The past few weeks have been a busy few weeks on the farm. The time came to move the chicks to a coop in the pasture.
True to our style, we constructed the coop out of reclaimed wood and materials.
We made the frame from old barn wood.
And the coop is mobile.
With three, yes that’s right, three, handles for carrying ease.
Easing it up the hill was a testament to the strength of the deck screws.
And then it was time to raise the roof!
And voila, move in ready!
And now, everybody is safe and sound.
Last summer, working through a forestry manager, we hired Hiwassee Timber Co to harvest timber from the property. The timber company couldn’t work during the autumn and winter and returned last week to continue the job.
They are incredibly meticulous at their jobs and wonderfully kind people (Ashley, nimble with a chainsaw and the skidder driver, brought us homemade strawberry jam, bread and butter pickles, and her pickled okra recipe after we offered a batch of our famous choco-rific cookies).
Seeing and hearing the trees fall from the woods is at times heart-wrenching, but there is also a dignified elegance in watching the choreography of the machinery. This video was filmed over the first two and a half days of this season’s harvest.
The harvest will probably last another several weeks, and when all is said and done, about 25% of the total property will have been cleared. The newly cleared land will eventually be used as pastures and orchards, exactly as it was used several generations ago.
When it rains, some folks might be inclined to curl up with a good book, a cup of tea, and listen to the lovely sound of the water on a metal roof. Around here, however, we are more inclined to dress in bright yellow slickers and go for a long, contemplative stroll in the clearing of the woods.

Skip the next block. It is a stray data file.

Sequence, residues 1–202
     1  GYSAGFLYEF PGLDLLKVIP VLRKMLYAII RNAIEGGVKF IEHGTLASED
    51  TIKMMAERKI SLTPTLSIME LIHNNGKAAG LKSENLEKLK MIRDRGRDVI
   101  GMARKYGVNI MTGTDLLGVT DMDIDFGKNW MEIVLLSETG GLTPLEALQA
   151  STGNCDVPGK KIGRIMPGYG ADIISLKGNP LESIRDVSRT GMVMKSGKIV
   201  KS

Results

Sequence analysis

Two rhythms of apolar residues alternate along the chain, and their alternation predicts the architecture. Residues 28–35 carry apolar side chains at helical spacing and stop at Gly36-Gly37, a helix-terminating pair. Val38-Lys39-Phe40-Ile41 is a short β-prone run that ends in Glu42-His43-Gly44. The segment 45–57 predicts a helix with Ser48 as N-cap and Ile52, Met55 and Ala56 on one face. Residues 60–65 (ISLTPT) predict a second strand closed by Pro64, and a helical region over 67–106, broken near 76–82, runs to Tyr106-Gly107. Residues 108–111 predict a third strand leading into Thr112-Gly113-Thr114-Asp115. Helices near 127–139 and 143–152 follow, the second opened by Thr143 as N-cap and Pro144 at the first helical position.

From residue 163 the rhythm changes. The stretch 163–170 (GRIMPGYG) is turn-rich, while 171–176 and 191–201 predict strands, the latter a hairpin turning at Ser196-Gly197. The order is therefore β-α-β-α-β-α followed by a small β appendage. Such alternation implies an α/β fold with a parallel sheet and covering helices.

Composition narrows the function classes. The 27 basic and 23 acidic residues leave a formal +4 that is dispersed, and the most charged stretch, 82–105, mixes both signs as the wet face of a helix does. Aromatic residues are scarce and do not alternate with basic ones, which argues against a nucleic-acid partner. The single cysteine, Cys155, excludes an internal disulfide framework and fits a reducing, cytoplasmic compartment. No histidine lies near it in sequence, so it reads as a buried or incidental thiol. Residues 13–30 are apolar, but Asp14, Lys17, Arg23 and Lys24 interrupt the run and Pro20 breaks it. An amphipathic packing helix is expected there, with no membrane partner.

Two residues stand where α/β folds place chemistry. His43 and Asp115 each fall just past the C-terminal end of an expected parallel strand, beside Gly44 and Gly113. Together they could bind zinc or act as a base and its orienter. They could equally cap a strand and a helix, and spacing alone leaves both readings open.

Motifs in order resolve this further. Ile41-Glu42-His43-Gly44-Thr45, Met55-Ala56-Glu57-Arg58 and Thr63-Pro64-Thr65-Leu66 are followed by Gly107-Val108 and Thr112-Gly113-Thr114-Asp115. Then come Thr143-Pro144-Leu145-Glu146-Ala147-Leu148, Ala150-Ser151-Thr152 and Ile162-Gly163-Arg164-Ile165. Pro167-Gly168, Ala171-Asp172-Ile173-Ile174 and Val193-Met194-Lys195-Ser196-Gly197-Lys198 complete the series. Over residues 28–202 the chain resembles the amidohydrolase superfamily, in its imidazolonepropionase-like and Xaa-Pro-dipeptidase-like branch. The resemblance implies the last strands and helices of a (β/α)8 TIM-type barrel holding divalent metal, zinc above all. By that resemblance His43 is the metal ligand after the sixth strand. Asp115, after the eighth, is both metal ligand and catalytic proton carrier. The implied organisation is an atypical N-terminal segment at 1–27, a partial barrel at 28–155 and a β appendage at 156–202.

Since we eventually want to build a system that maximizes the property’s natural water supply, these long walks in the rain are necessary to follow the water’s flowing patterns.
A property-wide rain water harvesting system is a tremendous project that will take many years to plan and implement. However, every large project can be broken into smaller pieces. And the best way to begin any endeavor is simply to start.
So we started.
The most logical place to begin our project was to create a small system by the barn to water the vegetable garden.
We acquired a water tub and found the appropriate connections and extensions to run the water from the barn roof to the tub.
Lo and behold, after one light rain (~ 1/2″), the tub was almost full.
This water was emptied into a reservoir by the garden, and soon after, the newly sprouted squash received a lovely drink.
We wanted to have a structure near the vegetable garden to store tools and possibly double as a greenhouse. A neighbor had said they had something that might suit our needs. It was perfect, so we loaded it in the truck and brought it home.
After assembling it, we looked up the manufacturer and set up information online. The manufacturer recommends having 4 people set it up. How many people set up ours?
One man, and two sawhorses.*
*Old Sands Place does not condone going against manufacturers’ wishes. Not following instructions and recommendations can often lead to dangerous situations. OSP got lucky. This time.